She didn't move very fast when she first brought me home. On the way back to her third-floor apartment, she was great, loving, and happy, but, once she stepped into her apartment, she instantly changed. She would trudge around the house in baggy clothing and just stare at this picture next to her bed, but geez I am a dog with needs. There was no way I could just sit around the house all day. So, I jumped up into her bed and yelled, screamed, and bounced up and down, until she decided it was time to take me outside. That's how I got her to smile again for the first time since the shelter.
I remember playing catch with her in the park after she would serve food at the homeless center. She didn't always help out. One day, while we were making our way to the park, I got a whiff of an absolutely mind blowing delicacy: Bacon. I ran in there so fast, no one could stop me from knocking down all the tables and people in my way. She had to help pick up everything and clean up the mess, but, after that, she was hooked on helping people.
She went there everyday before we hit the park. Man, I love that red ball she throws to me. I love looking at this picture of her too. She is wearing this pretty red dress. I've never seen her wear it in person, but I always shout and wag my tail at the picture because she looks so happy. Her being happy makes me really happy. In the picture, there are so many different lights and colors in the background because she is standing on top of some building, and then I start thinking of lights.
I remember seeing really bright lights like that in person, and then I remember.
I remember being on this solid white bed and seeing a bunch of pretty colors.
I remember the doctor saying there wasn't much time left.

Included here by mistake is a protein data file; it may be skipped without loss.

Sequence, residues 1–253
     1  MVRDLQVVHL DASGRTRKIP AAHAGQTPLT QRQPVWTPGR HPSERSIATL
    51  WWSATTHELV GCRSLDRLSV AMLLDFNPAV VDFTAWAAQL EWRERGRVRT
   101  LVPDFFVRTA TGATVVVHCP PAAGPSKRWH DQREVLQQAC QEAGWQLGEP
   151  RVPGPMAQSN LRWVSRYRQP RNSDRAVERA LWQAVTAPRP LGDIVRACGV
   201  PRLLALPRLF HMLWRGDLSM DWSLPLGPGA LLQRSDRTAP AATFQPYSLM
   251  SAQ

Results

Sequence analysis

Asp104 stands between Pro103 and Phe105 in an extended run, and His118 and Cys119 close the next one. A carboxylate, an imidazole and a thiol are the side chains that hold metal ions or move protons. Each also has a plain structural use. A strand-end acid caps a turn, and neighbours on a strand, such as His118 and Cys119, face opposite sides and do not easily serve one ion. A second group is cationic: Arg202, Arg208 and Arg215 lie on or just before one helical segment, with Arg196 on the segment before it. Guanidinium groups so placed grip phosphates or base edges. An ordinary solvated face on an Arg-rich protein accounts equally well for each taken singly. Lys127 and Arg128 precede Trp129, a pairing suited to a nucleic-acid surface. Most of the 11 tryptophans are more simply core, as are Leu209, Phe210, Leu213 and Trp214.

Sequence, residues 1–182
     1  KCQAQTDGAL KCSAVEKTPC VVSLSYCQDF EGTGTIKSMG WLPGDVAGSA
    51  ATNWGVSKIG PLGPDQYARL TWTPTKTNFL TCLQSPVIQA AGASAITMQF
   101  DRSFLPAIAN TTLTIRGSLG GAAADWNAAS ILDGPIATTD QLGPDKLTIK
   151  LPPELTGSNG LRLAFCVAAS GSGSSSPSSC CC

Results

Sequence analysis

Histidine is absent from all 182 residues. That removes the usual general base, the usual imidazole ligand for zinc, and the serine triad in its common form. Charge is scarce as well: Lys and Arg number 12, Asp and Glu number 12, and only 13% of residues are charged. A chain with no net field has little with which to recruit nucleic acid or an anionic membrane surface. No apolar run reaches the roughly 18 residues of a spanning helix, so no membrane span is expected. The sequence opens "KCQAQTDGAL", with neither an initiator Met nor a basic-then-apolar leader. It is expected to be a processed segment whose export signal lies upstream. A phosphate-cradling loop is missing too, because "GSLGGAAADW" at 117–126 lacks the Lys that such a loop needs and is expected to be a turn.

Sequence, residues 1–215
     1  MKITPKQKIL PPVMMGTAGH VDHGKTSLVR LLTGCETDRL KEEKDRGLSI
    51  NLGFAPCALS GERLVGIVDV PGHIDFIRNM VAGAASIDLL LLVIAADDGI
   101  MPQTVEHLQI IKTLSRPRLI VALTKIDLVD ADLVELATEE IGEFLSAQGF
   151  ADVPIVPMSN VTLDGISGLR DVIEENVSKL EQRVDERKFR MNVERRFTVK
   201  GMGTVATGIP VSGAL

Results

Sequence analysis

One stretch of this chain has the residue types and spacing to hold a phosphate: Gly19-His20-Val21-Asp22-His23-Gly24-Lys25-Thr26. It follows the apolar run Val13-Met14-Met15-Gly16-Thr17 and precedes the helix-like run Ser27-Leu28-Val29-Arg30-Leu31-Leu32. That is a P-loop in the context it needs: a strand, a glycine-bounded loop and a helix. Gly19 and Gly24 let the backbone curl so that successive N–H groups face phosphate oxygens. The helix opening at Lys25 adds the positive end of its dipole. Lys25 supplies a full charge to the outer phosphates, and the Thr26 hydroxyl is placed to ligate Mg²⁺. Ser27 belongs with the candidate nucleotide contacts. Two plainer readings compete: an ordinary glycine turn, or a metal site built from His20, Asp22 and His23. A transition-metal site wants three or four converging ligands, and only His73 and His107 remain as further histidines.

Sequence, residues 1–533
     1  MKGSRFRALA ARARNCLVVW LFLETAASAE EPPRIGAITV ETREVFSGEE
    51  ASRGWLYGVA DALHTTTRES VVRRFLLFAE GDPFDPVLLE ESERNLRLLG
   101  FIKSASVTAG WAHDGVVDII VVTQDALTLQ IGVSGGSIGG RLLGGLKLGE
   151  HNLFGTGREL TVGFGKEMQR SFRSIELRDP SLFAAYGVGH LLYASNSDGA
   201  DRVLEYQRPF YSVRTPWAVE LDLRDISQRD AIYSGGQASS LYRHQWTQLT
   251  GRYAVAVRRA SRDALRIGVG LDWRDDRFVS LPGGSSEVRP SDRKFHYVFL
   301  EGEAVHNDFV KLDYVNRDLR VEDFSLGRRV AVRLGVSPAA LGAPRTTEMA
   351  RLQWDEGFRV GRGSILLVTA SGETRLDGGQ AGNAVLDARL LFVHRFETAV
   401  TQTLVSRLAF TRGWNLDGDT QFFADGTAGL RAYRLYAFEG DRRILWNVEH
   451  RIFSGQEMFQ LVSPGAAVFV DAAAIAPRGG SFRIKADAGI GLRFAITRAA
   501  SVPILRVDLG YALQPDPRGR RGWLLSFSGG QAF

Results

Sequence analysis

So, in the middle of me eating, I drop my ears, and I slowly walk towards her, laying down on the couch curled up in a ball. I just lay down with her. I think today is an okay day to just lay down. In the next couple of weeks, I just show her as much love as I can. It's harder to move around and yell, but I know she knows that I love her. I can see it in her eyes; right behind the sadness.
The day it finally happens, it felt so weird to see me just laying there, and it hurts so bad to see her crying. I yell and scream and run around her like the moon circling the Earth, but she can't hear me.So, I just stayed with her.
I was there with her every time she went to the homeless kitchen.
I was there with her every time she stopped to stare at the picture of the man beside her bed.
I was there with her every time she trudged through the house like a drunken turtle, and when she finally decided to go put on her beautiful red dress and head to the top of the building in the picture, I was relieved. T
he thing is that once she got to the top she couldn't stay happy. Her smile dropped and tears rushed down her face like a rainstorm, so I yell like crazy. I tell her, “I love you with all of my might. No matter how far I may seem, no matter how tough times get, I am going to always be right here with you. You need to pull it together. You need to be okay. You need to move on because the hurt in your soul gives me the pain of standing in front of thousands of firing squads. Do you understand? I will always love you.”
Then the wind picks up.
Almost instantaneously, the watering of her eyes fade. She looks up from her soaked palms and she says, “I’ll always love you.”